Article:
To relate this strategy to The First Temptation, during Jesus’ birthday party Orlando performs a song to the tune of Jingle Bells. The lyrics include this line: “God is very good; he created the world in seven days, and sometime after that he drowned his kids.” The implication is that a good Creator God would not drown the world’s inhabitants in judgment. Orlando correctly identifies God as a good Creator, but suggests that divine goodness excludes divine punishment.

But on what basis does Orlando (and the script-writers) claim that worldwide judgment is immoral and unbecoming of a good God? How do we denounce biblical revelation on the one hand (judgment) while claiming a moral high ground on the other (an idea of goodness)? Non-believers often make statements that reveal a desire to believe in a good God, but stumble over other revealed doctrines. Christians should press these tensions as a starting point to justify biblical revelation as the moral standard that allows humans to make any moral judgment about what is good.[20]

Finally, the bulk of Justin’s apologetic centers on Jesus Christ. Several chapters overview the teachings of Jesus, and more than twenty survey the many prophecies that Jesus fulfilled in his birth, life, death, resurrection and ascension to the Father’s right hand.[21] Justin’s goal is to demonstrate the truth of Christianity by appealing to fulfilled prophecy.

The takeaway for modern believers is that any defense of Christianity should focus on the person and work of Jesus Christ. Justin was not afraid to denounce the immoral values of a world that did not know God, and neither should Christians. But he did not do so without continuous reference to the Son of God who lived, died and rose again to save sinners from their sin. Whatever ideas may arise in the culture that challenge the truths of Christianity, seek to respond to them by humbly appealing to the people who actually hold those beliefs, looking for ways in which they may be borrowing from the Christian worldview, and answering them with the beauty and merits of Jesus Christ.

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[1] Rodrigo Van Der Put, dir., The First Temptation of Christ, Porta dos Fundos, 2019, https://www.netflix.com/title/81078397.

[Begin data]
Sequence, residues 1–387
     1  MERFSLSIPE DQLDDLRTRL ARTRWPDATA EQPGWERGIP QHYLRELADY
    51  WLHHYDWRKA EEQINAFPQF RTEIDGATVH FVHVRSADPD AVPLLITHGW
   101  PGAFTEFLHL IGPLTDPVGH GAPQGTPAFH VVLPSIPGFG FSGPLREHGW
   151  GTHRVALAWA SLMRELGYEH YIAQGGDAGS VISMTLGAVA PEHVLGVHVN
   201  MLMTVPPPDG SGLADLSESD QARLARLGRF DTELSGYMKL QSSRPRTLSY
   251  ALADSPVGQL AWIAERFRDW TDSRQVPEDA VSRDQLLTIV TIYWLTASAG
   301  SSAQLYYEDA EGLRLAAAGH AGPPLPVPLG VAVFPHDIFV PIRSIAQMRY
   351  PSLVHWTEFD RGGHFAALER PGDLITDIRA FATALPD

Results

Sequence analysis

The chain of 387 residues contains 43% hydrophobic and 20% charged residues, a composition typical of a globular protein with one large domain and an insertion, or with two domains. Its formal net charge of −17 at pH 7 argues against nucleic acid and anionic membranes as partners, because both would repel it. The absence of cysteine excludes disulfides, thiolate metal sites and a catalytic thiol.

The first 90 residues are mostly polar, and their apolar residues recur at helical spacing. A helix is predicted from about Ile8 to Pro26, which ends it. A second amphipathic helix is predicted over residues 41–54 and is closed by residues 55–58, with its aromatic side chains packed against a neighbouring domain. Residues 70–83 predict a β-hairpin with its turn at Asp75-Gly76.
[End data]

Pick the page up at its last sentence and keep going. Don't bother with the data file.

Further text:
[2] Greg Wheeler, “The First Temptation of Christ—Netflix Film Review,” The Review Geek, December 3, 2019, https://www.thereviewgeek.com/thefirsttemptation-filmreview/.

[3] Gregory Sousa, “The Major Religions of Brazil,” last modified August 7, 2018, WorldAtlas, https://www.worldatlas.com/articles/religious-beliefs-in-brazil.html.

[4] Ernesto Londoño and Letícia Casado, “In Brazil, Firebombs Seek to Terrorize Makers of Film Portraying Jesus as Gay,” The New York Times, December 26, 2019, https://www.nytimes.com/2019/12/26/world/americas/brazil-gay-jesus-netflix-movie.html.

[5] Nic Williams, “Remove blasphemous film The First Temptation of Christ from Netflix NOW!” Change.org, accessed January 29, 2020, https://www.change.org/p/netflix-remove-blasphemous-film-the-first-temptation-of-christ-from-netflix-now, and CitizenGo, “Ask Netflix to cancel film Depicting Jesus as a homosexual!” accessed January 29, 2020, CitizenGo.org, https://www.citizengo.org/node/175927. The total number of signers as of January 29, 2020 was 1,724,804.

[6] The Associated Press, “Brazil Judge Orders Netflix to remove film with gay Jesus,” The Associated Press, January 8, 2020, https://apnews.com/eca41cd7a079c709b2e0f86a147ca6ac.

[7] Justo González, The Story of Christianity: Complete in One Volume, The Early Church to the Present Day (Peabody, MA: Prince, 2006), 50.

[8] Gonzalez, Story of Christianity, 50–52.

[9] Gonzalez, Story of Christianity, 52.

[10] John Kaye, The First Apology of Justin Martyr, Addressed to the Emperor Antoninus Pius (Edinburgh: John Grant, 1912), 1, Openlibrary.org, available at: https://openlibrary.org/books/OL14007954M/The_first_apology_of_Justin_Martyr_addressed_to_the_Emperor_Antoninus_Pius, accessed January 29, 2020. Justin specifically addresses, “the Emperor Titus Aelius Adrianus Antonius Pius Augustus Caesar,” Caesar’s sons, and the “sacred Senate.”

[11] Kaye, First Apology of Justin Martyr, 2.

[12] This citation and the following summary taken from Rosario Butterfield, The Secret Thoughts of an Unlikely Convert: An English Professor’s Journey into Christian Faith (Pittsburg, PA: Crown & Covenant, 2012), 8.

[13] See the strategies articulated in David Helm, One to One Bible Reading: A Simple Guide for Every Christian (Kingsford, NSW, Australia: Matthias Media, 2011).

[14] The quote is taken from Jaroslav Pelikan, The Emergence of the Catholic Tradition (100–600), vol. 1 of The Christian Tradition: A History of the Development of Doctrine (Chicago: University of Chicago, 1971), 143, who notes, “the writings of the apologists, even those of Justin, were addressed to readers on the outside.”

[15] See, e.g., Erwin Goodenough, The Theology of Justin Martyr (Jena, Germany: Verlag Frommannsche Buchhandlung, 1923), and Marian Hillar, From Logos to Trinity: The Evolution of Religious Beliefs from Pythagorus to Tertullian (Cambridge: Cambridge University Press, 2012), Ch. 5: “Justin Martyr and the Logos.”

[16] Kaye, First Apology of Justin Martyr, 7.

[17] Kaye, First Apology of Justin Martyr, 10.

[18] Kaye, First Apology of Justin Martyr, 28.

[19] Kaye, First Apology of Justin Martyr, 28, records the exact quote as, “If, then, we hold some opinions near of kin to the poets and philosophers in greatest repute among you, and others of a diviners strain, and for above out of their sight, and have demonstration on our side into the bargain, why are we to be thus unjustly hated, and to stand distinguished in misery above the rest of mankind?”

[20] A good example of this is Tim Keller, The Reason for God: Belief in an Age of Skepticism (New York: Penguin, 2008).

[21] Kaye, First Apology of Justin Martyr, 19–25, and 38–67, respectively.

Richard Winston is the pastor of Roebuck Presbyterian Church (PCA) in Roebuck, SC. You can reach him at richard@roebuckpca.com.